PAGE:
1°43' South
142°50' East
The Wuvulu Research Center for Wuvulu Island and the Other Western Islands of the Bismarck Archipelago, Bismarck Sea, South Pacific, Papua New Guinea, Manus Province.
History of the Western Islands
A brief overview of the "discovery" of the Western Islands by Europeans

Early History
The period of earliest visit by man to the Western Islands is unknown, however, it is believed that Wuvulu and the other Western Islands (map) of the Bismarck Archipelago have been inhabited for several centuries.  The Wuvulu people had little contact with the rest of the world until fairly recently, except with their closest neighbors, the Aua Islanders to the north east and occasional visits from time to time by the fast sailing canoes of the Ninigo Islanders to the east.

Chronology of European "discovery"

Vasco de Gamma circumnavigates the Cape of Good Hope and opens a new era in maritime discovery.  Spanish, Portuguese, Dutch, French and English navigators take to sea to discover new and faraway lands.

In May, Philip II of Spain sends his war ship "San Juan" under command of Ynigo Ortiz de Retes with Gaspar Rico as first pilot to sail from Tidor to "New Spain."  His orders are to sail the calmer waters to the south and not to use the west monsoons.  The journey is delayed by weather and the San Juan eventually sights an unknown country which Ortiz de Retes names "Nueva Guinea."  After following the coastline he makes route north and "discovers" Wuvulu and Aua islands on August 19, 1545.  Ortiz de Retes names Wuvulu and Aua "Islas de Hombres blancos" because of the light complexion of their inhabitants.  It will take more than two centuries for the next European to sight Wuvulu Island.

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Following the English South Sea expedition of Captain Byron in 1764-65, the English Government sends out an expedition under Captain Wallis who commands two ships, the frigate Dolphin and the smaller Swallow, a thirty years old, slow-sailing and poorly fitted sloop under the command of Lt. Philip Carteret who had served under Byron in a previous expedition.  After passing through the straights of Magellan on April 11, 1767, the Dolphin looses sight of the Swallow but the courageous Lt. Carteret decides to continue the voyage alone.  Carteret makes a number of sightings in the (Bismarck Archipelago) and on September 19, 1767 two small islands come in view, the first one, Durour (Aua), is seen only from the masthead and the second one is passed during the night when a number of islanders are seen along the shore with torches.  He names this island Maty Island (Wuvulu) after Mathew Maty of the Royal Society in London.  The three voyages of Captain Cook have not yet begun.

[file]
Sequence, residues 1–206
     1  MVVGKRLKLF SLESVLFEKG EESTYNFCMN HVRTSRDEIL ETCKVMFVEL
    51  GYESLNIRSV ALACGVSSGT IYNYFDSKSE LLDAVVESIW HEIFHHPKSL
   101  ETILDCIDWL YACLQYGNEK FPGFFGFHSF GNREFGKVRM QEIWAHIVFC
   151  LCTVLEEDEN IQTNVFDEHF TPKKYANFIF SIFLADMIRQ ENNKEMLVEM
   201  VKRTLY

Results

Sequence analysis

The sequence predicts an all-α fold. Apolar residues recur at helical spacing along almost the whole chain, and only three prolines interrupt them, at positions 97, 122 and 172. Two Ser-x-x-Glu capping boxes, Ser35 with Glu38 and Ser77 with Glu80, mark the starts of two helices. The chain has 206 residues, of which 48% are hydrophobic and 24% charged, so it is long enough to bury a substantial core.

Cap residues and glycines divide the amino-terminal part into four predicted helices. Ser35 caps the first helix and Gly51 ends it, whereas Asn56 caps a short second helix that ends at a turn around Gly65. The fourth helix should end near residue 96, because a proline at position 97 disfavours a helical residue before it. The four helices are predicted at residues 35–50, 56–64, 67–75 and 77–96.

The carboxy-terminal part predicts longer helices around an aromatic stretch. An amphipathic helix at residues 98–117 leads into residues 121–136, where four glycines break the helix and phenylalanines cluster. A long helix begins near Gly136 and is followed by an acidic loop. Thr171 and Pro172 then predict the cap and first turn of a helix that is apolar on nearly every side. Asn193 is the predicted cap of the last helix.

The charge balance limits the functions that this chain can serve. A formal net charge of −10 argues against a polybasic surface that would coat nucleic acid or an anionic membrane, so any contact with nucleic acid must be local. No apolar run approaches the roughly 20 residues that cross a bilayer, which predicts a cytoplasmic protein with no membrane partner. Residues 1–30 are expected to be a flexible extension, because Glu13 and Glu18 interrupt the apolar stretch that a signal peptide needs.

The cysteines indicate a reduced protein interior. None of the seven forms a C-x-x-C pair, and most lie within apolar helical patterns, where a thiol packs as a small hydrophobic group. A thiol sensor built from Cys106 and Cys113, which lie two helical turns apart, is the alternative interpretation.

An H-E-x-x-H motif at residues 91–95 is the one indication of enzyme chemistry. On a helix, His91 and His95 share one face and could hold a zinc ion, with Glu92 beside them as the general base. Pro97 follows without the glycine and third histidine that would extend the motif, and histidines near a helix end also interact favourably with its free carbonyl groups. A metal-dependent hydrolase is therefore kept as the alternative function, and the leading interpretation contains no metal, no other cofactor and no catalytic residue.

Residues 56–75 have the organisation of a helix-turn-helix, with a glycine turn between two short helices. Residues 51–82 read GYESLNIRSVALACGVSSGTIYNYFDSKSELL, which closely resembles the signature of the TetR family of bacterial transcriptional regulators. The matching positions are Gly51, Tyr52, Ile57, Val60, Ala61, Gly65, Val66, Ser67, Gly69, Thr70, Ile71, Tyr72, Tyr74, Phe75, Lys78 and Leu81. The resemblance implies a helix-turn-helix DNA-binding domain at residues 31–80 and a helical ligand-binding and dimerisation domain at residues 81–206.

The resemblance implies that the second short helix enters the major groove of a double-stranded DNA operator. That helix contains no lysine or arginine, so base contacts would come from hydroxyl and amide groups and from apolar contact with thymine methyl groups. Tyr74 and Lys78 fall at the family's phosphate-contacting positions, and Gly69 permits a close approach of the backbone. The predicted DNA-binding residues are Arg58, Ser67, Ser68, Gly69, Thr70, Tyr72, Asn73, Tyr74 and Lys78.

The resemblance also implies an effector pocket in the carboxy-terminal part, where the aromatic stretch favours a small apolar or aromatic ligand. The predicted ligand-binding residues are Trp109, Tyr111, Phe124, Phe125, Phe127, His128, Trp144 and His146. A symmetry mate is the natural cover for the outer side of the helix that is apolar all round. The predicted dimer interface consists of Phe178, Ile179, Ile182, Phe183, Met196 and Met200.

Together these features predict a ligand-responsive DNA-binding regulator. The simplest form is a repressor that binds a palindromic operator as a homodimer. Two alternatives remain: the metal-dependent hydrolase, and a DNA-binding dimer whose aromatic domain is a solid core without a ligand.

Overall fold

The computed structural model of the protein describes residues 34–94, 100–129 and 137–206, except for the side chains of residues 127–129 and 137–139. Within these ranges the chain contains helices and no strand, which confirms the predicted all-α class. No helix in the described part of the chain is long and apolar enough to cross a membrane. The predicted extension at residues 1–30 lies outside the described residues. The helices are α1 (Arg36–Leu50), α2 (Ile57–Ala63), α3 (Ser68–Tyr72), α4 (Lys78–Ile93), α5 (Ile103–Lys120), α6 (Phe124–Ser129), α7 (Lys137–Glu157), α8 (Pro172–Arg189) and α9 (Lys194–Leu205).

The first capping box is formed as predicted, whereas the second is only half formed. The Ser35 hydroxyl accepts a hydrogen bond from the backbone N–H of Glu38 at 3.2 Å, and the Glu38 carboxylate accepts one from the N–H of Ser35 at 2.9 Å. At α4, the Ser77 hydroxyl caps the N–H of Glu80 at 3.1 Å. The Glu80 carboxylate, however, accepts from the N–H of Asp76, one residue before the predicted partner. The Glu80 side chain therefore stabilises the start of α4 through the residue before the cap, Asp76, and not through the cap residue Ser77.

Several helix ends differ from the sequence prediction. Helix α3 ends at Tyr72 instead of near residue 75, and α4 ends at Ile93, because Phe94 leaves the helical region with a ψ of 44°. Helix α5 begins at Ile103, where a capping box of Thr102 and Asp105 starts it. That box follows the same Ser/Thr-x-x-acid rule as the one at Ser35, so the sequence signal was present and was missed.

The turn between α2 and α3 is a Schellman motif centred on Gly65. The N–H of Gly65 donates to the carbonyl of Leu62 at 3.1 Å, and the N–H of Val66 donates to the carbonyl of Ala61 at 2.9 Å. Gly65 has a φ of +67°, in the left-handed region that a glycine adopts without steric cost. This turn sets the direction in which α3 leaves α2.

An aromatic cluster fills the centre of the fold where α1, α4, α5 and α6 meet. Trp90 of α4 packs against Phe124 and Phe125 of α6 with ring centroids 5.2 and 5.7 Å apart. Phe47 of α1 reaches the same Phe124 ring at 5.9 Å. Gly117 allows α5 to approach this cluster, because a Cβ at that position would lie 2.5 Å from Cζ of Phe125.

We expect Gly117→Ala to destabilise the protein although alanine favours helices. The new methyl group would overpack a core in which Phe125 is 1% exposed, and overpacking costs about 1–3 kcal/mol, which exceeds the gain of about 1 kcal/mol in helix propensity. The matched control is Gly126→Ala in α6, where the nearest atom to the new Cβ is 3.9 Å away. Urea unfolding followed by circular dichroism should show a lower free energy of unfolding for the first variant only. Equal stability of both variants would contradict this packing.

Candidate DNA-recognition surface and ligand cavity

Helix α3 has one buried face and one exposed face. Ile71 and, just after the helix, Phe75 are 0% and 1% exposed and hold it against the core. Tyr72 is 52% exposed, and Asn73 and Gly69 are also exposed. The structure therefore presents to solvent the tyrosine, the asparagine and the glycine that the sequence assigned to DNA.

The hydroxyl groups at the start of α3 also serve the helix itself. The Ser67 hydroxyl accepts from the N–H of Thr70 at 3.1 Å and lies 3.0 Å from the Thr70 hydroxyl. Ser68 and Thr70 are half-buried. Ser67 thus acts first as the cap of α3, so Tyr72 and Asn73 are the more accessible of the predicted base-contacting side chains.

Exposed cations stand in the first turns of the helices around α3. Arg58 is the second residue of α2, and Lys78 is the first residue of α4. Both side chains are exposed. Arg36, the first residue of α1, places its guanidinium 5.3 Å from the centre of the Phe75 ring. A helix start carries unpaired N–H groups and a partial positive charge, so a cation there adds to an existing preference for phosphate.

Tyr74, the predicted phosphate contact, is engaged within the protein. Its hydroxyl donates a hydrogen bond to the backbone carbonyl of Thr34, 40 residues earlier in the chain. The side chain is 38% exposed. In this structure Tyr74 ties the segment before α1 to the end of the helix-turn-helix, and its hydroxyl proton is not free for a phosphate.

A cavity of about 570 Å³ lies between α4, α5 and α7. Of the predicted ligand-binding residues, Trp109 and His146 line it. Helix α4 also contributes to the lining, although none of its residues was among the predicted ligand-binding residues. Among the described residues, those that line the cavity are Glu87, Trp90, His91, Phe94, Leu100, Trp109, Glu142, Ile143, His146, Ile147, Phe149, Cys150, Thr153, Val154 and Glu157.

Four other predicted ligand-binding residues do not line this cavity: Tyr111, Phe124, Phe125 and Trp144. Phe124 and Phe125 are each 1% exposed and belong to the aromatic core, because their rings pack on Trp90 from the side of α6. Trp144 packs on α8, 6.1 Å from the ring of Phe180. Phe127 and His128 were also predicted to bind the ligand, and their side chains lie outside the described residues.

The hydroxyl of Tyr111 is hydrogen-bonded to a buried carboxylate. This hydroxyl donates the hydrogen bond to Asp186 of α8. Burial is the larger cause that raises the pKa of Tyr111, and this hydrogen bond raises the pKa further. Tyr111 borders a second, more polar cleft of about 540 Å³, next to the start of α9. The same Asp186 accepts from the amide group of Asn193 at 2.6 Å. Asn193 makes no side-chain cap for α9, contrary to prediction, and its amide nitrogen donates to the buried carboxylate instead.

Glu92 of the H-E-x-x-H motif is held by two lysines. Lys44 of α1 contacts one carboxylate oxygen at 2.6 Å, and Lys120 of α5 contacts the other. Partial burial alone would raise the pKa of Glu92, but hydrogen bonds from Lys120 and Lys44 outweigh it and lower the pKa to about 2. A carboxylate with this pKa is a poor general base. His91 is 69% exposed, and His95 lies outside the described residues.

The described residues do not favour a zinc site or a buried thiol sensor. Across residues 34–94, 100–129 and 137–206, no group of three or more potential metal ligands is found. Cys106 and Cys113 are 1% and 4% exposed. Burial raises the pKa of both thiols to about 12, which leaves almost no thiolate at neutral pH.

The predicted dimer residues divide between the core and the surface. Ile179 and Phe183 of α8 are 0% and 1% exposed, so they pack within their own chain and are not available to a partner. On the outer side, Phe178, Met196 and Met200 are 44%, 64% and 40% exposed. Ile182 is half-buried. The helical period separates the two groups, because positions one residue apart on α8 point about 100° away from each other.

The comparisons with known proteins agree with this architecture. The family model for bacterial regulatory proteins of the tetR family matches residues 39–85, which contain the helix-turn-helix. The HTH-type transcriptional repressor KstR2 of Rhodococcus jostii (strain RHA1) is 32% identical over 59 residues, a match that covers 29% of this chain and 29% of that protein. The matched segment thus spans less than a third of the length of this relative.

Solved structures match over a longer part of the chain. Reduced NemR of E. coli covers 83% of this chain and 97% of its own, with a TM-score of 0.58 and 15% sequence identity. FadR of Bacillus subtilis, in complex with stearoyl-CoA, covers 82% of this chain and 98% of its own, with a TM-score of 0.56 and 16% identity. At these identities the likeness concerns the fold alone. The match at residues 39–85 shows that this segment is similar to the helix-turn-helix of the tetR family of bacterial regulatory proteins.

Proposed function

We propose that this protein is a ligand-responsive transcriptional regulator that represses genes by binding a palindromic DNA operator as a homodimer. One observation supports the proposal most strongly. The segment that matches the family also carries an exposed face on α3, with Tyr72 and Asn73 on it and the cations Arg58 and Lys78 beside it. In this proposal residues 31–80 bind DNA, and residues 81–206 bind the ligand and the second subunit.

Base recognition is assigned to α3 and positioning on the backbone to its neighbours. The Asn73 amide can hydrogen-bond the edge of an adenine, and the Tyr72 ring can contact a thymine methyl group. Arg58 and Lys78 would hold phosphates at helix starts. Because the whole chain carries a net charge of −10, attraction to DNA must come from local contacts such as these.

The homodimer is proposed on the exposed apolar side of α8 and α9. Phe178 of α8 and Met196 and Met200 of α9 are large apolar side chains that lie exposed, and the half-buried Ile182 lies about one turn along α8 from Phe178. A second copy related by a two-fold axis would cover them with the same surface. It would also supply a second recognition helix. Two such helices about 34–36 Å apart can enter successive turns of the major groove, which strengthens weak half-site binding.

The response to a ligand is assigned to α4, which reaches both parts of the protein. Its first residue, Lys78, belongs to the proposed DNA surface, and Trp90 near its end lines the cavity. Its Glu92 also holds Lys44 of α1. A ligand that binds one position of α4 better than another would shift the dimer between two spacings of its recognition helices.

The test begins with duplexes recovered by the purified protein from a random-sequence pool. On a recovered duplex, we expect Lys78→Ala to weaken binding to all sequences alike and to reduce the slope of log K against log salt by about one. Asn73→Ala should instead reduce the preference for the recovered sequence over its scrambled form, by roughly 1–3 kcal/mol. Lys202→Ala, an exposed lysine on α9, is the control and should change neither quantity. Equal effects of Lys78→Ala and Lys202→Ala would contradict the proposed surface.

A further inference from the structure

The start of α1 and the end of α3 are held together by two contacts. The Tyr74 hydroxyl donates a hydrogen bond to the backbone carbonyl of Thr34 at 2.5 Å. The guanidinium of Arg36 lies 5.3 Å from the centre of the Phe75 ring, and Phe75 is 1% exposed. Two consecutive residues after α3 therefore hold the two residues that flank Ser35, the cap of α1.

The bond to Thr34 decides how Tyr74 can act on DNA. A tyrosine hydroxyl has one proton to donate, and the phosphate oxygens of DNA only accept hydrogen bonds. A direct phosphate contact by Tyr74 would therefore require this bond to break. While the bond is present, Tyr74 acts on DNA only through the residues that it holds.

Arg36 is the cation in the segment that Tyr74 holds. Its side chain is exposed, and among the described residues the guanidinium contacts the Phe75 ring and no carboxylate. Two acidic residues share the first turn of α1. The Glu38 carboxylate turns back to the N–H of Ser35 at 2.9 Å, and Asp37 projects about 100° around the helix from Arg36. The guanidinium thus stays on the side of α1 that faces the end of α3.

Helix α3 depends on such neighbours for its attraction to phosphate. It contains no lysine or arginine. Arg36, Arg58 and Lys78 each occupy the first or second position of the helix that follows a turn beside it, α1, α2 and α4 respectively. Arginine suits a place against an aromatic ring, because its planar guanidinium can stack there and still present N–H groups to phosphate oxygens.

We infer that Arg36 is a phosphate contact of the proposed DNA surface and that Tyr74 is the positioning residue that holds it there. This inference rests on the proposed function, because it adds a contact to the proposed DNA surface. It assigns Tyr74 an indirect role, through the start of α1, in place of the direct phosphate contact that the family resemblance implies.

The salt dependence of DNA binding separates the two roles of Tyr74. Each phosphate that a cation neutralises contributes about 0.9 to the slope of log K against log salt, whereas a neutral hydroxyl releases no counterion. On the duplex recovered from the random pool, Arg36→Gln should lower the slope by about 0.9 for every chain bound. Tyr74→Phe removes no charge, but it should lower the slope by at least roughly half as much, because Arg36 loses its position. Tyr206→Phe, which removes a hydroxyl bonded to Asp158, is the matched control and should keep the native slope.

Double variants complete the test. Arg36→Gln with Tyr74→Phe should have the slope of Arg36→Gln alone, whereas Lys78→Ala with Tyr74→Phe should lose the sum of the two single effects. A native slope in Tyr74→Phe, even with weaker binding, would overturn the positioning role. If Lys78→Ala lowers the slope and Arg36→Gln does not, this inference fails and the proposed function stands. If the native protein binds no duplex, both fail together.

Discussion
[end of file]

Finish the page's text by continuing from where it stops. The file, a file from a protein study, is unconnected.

By French King Louis XV's command, Louis Antoine de Bougainville, sails from St. Malo in December, 1766 with two ships, "La Boudeuse" and "l'Étoile".  He will "rediscover" a number of islands previously sighted by Carteret and will make the first sightings of Iles des Anachorettes (Kaniet) and the Chequer Islands (Ninigo).